Women in the Civil Rights Movement


Viewpoint: Women actively participated in the civil rights movement. This participation also shaped the role of future generations of women later on, in America and other parts of the World.

Evidence

  • Women sacrificed their lives and fought determinedly, asking for a social revolution. Unfortunately their efforts have been overlooked. Apart from Rosa Parks, very few women civil rights activists remain unknown or unrecognized by society.
  • Women participation in the Civil rights movement was silent and this was largely attributed to choice, whereby they wanted to remain in the background, or due to the sexism that was prevalent at the time.
  • Visible women activist also comprised of the wives of prominent male civil rights leaders. They included Coretta Scott King, the widow of Martin Luther King, Jr. Betty Shabazz (Widow of Malcom X) and Myrlie Evers-Williams (Widow of Medgar Evers)1
  • Women advocacy was ongoing even before the Rosa Parks incident. Through the Women Political Council, women were encouraged to boycott the bus public transport due to inherent segregation.
  • Distinguishing the role of women in the Civil rights movement does not in any reduce the significance of male civil rights activists.
  • Women participation should be intertwined within the history of Civil rights as it led to the participation of women in Daily lives and broke the gender barrier that had shrouded them for so long2.

Evaluate

By tradition, social movement theory is employed to social movements without examinations into the manner gender has an effect into the development of movements. The circumstances that precipitate personal movement participation are subject to ones positions within the social order. A good illustration of this can be seen through the civil rights movement where for black Americans, inequality acted as a source of encouragement for their participation in the movement. Besides race inequalities, life as a woman in a white and male society controlled society provided enough impetus for participation in the civil rights movement.

Due to the sixties gender customs during the active times, charismatic advocate leaders comprised largely of black men. At the time, the black community especially those from the South were not ready for women activism3. It was a farfetched idea for anyone to think that women would emerge as leaders within the movement. Men had better opportunities to be charismatic activists as their manhood accorded the societal power.

This attracted them more attention. Even though both men and women could enjoy amazing personalities assumed to be crucial for captivating the masses, women were unable to lead or demand commitment because their positions would not be recognized. At the time, it was hard for them to attain formal leadership. Nonetheless, they were given unofficial leadership positions e.g. event organizers Due to their social skills, women were viewed as better at networking and this culminated in becoming active rights advocates in their own right. This gained them the trust and admiration of the community in which they served. We cannot discount the efforts and contribution of women in the Civil rights movement based only on the charismatic movement theory.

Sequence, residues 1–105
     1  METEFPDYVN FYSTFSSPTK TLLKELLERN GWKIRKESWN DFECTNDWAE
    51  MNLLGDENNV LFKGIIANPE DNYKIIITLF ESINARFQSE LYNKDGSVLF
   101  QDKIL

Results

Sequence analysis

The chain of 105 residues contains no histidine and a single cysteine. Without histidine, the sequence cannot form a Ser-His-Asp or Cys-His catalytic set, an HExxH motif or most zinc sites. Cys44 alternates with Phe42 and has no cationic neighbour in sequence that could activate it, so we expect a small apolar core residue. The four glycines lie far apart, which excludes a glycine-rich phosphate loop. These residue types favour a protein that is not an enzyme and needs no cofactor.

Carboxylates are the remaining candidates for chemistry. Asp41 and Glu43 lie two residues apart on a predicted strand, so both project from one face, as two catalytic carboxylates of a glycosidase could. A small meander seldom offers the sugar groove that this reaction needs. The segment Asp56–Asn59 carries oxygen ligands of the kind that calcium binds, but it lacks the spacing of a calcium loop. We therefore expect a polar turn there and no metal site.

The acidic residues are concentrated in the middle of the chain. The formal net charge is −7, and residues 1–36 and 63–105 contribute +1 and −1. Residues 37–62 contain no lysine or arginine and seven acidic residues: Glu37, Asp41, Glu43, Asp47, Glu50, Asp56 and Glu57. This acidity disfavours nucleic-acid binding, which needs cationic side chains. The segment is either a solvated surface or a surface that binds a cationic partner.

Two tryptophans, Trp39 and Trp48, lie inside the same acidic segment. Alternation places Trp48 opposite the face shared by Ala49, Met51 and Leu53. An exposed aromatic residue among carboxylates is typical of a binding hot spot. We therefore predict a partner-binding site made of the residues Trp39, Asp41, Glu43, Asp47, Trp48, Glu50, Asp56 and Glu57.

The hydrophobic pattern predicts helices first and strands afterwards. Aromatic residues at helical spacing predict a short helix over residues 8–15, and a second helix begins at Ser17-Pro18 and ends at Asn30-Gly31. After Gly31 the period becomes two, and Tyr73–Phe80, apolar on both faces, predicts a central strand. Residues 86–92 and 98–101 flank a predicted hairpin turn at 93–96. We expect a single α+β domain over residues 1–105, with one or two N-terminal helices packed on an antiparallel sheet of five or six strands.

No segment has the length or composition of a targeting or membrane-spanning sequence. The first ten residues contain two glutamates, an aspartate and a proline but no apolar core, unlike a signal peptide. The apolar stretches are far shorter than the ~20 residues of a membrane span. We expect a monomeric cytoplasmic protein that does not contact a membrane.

The participation by both men and women within the Movement diverged from and strengthened the gender standards of the sixties U.S. civilization. Most Civil Rights bodies were led by men. Nevertheless, some involved and supported the active participation of women and encouraged them to take up leadership roles4. Some women matched the custom norms by carrying out domestic chores. This included clerical duties. Most ladies within the movement played a voluntary role. i.e there were some who prepared meals and washed up venues after organized events were over. Most of them were genuinely concerned with making a difference.

They were not after any publicity. As others challenged such duties by risking their safety by organizing activities in unsafe racist neighborhoods. While at the same time, some male advocates were not open to considerable contribution of women in the struggle. Others encouraged women to remain active5.

Though it’s accurate to say that the most prominent individual linked to the Montgomery boycott was a lady, Rosa Parks is frequently portrayed as an exhausted seamstress who refused to relinquish her bus seat. She was actually a dedicated long serving activist for racial justice. She was very active as her involvement from assisting the Scottsboro Boys to assisting in her home branch of the (NACP) National Association for the Advancement of Colored People. She also attended the Highlander Folk School where she was educated on labor rights and racial equality6.

The recognition of the role played by women does not in any way reduce the importance of their male counterparts.

Bibliography

Osborne Linda. Women of the civil rights movement. Georgia: Pomegranate, 2006. Web.

Crawford, Vicki. Women in the Civil Rights movement: trailblazers and torchbearers, 1941-1965. Newark:Greenwood,2009. Web.

Footnotes

1 Linda, Osborne. Women of the civil rights movement. (Georgia: Pomegranate, 2006). pp. 45. Web.

2 Vicki, Crawford. Women in the Civil Rights movement: trailblazers and torchbearers, 1941-1965. (Newark:Greenwood,2009).pp 67. Web.

3 Linda, Osborne. Women of the civil rights movement. (Georgia: Pomegranate, 2006). pp. 34. Web.

4 Linda, Osborne. Women of the civil rights movement. (Georgia: Pomegranate, 2006). pp. 39. Web.

5 Vicki, Crawford. Women in the Civil Rights movement: trailblazers and torchbearers, 1941-1965. (Newark:Greenwood,2009).pp 68. Web.

6 Linda, Osborne. Women of the civil rights movement. (Georgia: Pomegranate, 2006). pp. 54. Web.